Purveyor of Bollocks to the Crowned Heads of Europe
Sunday, 19 February 2017
Do you remember a young person's book from the 1950s called, 'How Things Work'? Can you imagine a book with a title like that these days? Life used to be so simple.
Our family were not what you would call big readers. Father would read trashy cowboy books and Mother read bodice-rippers. We had no library in our large house and the closest thing to one was a small, glass fronted cabinet with a few hard-backs in it, chosen more for the appearance of the spines than the contents.
There was one heavy book in it called, 'The Home Doctor', and the nearest thing I got to a sex education was when one of my sisters suggested I should take a look at the part which covered reproduction. I did, and was none the wiser for it. I had to find out the hard way.
Another concept difficult to grasp in today's world is that of the travelling Encyclopedia Brittanica salesmen. They came to our house in the rich neighbourhood of Surrey on a regular basis and vainly attempted to pressure my father into believing that should he not sign up to collecting the volumes at a staggering cost of hundreds of pounds (paid in instalments over a period of years), he would be denying me a vital education and condemn me to failure in adult life. Maybe they had a point.
Aside from Oliver Cromwell's attitude toward the English literati, there is another reason why so few books remain from the 17th century. The fashion for shooting guns as a sport amongst the upper classes of the first quarter of the 18th century, coupled with the scarcity of plain paper, meant that the young men of the country houses which were grand enough to have a library would raid the books in them to tear out pages for use as wadding in the guns. You put the powder down the barrel, then some wadding, then the ball or shot, then some more wadding to stop the balls from rolling out of the end. One day's shooting party could get through quite a few books.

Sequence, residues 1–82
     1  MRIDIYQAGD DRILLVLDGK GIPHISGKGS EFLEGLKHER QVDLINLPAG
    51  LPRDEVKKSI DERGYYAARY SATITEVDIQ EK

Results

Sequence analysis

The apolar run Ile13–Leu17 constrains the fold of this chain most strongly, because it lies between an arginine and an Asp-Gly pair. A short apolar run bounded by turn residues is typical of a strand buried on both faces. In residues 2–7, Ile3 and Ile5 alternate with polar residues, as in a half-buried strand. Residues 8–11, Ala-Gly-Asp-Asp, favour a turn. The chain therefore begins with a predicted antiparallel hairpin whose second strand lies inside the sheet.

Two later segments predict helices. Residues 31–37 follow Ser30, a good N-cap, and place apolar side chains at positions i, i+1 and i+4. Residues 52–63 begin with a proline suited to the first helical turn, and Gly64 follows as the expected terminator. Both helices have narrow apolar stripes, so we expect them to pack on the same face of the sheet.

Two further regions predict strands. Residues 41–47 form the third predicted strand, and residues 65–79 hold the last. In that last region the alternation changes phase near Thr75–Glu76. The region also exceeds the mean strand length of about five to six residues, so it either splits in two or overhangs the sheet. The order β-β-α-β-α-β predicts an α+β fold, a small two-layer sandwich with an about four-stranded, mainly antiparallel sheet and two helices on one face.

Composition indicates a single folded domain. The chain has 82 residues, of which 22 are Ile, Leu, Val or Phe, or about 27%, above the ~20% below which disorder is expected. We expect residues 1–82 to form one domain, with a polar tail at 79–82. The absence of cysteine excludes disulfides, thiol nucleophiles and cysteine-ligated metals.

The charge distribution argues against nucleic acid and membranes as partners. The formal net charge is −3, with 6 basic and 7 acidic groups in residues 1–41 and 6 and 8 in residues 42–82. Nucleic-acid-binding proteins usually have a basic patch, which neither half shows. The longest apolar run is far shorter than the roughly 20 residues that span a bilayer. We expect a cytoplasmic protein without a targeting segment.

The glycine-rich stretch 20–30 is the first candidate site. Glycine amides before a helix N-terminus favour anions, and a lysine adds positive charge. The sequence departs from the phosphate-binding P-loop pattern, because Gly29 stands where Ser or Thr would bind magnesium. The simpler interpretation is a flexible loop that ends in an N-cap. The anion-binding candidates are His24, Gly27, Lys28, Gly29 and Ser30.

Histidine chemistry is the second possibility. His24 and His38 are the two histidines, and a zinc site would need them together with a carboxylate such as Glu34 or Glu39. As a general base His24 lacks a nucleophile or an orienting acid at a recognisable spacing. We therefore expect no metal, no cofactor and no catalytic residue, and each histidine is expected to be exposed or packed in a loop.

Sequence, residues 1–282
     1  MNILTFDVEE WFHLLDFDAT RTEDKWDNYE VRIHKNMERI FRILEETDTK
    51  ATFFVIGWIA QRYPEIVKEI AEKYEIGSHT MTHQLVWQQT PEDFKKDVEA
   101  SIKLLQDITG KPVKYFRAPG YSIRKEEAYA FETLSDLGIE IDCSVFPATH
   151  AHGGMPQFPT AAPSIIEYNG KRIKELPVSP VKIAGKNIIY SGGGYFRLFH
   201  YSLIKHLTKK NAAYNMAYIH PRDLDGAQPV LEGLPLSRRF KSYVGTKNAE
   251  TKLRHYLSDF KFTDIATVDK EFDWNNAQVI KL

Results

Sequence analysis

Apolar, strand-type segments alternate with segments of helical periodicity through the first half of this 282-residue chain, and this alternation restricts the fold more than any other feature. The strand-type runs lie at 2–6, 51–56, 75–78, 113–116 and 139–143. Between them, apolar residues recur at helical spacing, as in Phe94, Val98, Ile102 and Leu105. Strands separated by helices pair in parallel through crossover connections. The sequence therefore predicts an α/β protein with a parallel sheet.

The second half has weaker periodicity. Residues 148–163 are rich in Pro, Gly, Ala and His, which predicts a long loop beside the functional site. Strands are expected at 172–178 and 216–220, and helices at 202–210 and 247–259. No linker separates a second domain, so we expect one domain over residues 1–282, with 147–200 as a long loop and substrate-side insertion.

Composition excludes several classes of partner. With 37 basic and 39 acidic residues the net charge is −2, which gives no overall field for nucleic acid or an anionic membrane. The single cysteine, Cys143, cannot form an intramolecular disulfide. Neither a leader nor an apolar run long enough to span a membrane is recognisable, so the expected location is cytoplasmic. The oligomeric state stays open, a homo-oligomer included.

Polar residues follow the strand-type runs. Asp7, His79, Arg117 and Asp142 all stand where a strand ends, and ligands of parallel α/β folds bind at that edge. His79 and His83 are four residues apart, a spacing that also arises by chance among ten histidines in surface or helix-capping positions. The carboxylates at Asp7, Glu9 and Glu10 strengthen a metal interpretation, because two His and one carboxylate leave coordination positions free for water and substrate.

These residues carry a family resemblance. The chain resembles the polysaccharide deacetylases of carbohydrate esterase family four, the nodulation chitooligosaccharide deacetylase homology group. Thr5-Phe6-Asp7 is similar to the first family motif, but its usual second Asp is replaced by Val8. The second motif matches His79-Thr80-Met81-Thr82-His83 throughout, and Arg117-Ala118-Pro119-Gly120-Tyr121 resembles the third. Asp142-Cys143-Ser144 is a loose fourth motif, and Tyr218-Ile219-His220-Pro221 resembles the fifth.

Samuel Pepys covertly admitted to ordering a copper-plate book of pornographic pictures which he burned in the fire out of guilt and shame after he had looked at it a few times. This book had to be ordered for printing and cost him a lot of money, but he was wealthy.
The next bit of desecration came in the 1960s, when dealers - and even anitquarian book-sellers - would carefully tear out the illustrative plates from 18th century books to mount and frame as pictures to be put onto walls. You still see them today, some hand-tinted with coloured ink, and they sell for next to nothing.
Years ago when Bath's public library was just over the road, I heard that an original first-edition of John Wood's 'History of Bath' was in the lending section there. Not the reference section where it should have been, but the lending one.
I went into the library and asked for it and to my amazement they went into a back room and returned with it. I signed for it and took it home in disbelief.
It is a wonderful and huge, leather-bound tome with great fold-out illustrations made by John Wood himself, and is of inestimable value. I spent a few days marvelling at it before putting it on the shelf with the rest of my books, then forgot about it for a couple of years.
One day it called to me from the dusty shelf and - saturated in guilt - I took it back to the library, fully expecting a massive fine along with a non-custodial sentence if I was lucky. I had to do the right thing.
"I'm sorry," I said as I placed the book onto the desk, "but I have had this book a very long time."
The librarian was speechless for a few moments, then she almost cried with joy, saying that I was exempt from all fines because they did not expect to ever see it again. I got the feeling that someone may have lost their job over my abuse of the system.
John Wood's original book is now under lock and key somewhere, and if you want to look at it they give you a pair of white gloves and lock you in the room with it. I have since bought a facsimile copy and it cost me about £150.
So my misdeed may have saved that book, and for that I feel strangely (and probably unjustifiably) proud.